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Queenstown brothers and former business partners Neville and Shaun Kelly have battled each other in court since 2008 over the former's company, Thunder Jet, wanting to operate in competition with the latter's K-Jet, formerly known as Kawarau Jet.
The brothers co-owned jet-boat company Kawarau Jet between 1987 and 1999.
In 2011, Thunder Jet was granted Environment Court approval to operate on Lake Wakatipu and the Kawarau River and, late last year, council-appointed commissioners granted consent for the company to operate on the Lower Shotover River.
The problem, K-Jet lawyer Graeme Todd told the Environment Court in Queenstown yesterday, was that when commissioner John Milligan was appointed to chair the hearing and decide the matter with another commissioner, he did not have the full council's endorsement and, therefore, proper delegated authority.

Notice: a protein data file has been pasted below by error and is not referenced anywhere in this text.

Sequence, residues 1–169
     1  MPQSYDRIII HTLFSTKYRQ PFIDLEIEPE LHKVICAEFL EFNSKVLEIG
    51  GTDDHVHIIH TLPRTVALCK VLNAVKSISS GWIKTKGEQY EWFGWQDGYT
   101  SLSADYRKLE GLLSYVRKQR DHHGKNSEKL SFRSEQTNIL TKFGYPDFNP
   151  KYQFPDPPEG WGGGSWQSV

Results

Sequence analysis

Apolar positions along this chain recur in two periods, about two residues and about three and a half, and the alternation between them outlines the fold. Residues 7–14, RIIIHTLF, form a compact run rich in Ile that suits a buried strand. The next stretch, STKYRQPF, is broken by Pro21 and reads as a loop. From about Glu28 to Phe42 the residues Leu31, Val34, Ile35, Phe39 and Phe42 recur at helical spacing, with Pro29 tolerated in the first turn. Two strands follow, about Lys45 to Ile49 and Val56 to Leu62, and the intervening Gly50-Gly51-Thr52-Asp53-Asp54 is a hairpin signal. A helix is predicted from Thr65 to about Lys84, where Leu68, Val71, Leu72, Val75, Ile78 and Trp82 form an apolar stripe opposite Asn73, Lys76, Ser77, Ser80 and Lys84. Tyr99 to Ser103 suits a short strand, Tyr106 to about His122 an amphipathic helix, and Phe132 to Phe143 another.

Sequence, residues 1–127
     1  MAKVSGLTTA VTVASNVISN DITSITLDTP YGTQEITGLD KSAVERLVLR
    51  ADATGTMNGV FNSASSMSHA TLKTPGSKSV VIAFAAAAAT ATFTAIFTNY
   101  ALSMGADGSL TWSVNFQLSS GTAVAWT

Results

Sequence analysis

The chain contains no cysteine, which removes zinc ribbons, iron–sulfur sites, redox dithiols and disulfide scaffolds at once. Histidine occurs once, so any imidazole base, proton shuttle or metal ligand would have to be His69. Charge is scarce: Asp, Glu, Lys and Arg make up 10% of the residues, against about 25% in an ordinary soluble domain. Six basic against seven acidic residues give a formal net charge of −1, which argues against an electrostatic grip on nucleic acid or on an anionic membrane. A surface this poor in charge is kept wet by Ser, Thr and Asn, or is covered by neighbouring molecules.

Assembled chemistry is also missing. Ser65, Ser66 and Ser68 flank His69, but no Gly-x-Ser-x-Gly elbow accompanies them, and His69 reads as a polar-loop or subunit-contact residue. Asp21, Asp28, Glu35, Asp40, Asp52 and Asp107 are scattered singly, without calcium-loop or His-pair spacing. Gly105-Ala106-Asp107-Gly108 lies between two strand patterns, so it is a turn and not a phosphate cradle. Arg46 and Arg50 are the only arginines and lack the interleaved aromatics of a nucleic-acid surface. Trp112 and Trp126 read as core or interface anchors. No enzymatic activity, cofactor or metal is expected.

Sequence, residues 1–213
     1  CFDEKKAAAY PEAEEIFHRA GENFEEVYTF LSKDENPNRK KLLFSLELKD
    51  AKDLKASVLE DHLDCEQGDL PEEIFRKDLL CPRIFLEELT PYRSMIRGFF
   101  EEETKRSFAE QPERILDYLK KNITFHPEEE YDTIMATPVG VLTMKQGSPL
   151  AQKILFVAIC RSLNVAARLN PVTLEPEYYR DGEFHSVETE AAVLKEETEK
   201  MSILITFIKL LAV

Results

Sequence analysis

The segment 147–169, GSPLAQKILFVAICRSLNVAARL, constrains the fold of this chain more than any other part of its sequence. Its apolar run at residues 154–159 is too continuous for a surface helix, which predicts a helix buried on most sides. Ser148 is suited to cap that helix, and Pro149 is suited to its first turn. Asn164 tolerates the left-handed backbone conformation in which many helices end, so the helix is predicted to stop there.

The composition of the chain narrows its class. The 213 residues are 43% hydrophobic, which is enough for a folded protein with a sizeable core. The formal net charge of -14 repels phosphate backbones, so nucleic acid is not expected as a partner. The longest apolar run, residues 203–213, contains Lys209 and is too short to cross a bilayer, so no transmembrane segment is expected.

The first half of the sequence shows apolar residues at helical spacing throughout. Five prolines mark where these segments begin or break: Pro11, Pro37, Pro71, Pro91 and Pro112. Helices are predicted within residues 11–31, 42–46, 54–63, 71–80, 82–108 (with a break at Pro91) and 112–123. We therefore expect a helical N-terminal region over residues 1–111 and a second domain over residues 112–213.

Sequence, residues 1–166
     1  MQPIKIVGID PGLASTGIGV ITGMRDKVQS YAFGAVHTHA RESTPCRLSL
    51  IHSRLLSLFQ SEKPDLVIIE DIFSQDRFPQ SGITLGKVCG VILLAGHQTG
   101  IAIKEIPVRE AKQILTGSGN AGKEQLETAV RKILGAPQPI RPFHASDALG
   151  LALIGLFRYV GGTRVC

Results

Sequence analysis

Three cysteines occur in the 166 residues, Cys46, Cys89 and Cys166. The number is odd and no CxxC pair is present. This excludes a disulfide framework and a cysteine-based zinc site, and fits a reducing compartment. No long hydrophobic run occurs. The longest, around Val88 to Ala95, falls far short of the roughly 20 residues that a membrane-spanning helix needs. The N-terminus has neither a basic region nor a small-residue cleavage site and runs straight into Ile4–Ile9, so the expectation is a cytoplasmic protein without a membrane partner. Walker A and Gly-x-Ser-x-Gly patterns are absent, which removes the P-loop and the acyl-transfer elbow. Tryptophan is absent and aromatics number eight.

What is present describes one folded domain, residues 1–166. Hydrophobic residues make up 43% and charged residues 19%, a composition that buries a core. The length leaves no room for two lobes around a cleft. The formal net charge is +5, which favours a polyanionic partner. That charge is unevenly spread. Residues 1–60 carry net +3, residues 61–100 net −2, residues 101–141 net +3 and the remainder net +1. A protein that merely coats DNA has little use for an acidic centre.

Mr Todd urged Judge Laurie Newhook and two commissioners to defer the appeal hearing until a yet-to-be-filed High Court judicial review was undertaken.
Council lawyer Nick Whittington, of Auckland law firm Meredith Connell, said a council subcommittee had erred by appointing Mr Milligan but the problem was fixed by a retrospective endorsement of the commissioner by the full council in January.
Pru Steven QC, representing Thunder Jet's operating company Queenstown Water Taxis Ltd, said K-Jet's threat of a review was to keep Thunder Jet off the river for as long as possible.
The judge said the court would reveal its thinking on the jurisdictional issue this morning and took evidence from two Queenstown Water Taxis witnesses: Coastguard Boating Education tutor Katie McNabb and experienced commercial jet-boat operator Nick Hamilton, a former Kawarau Jet owner.
The case, set down for three days, centres on safety issues between the rival companies' boats, particularly radio contact.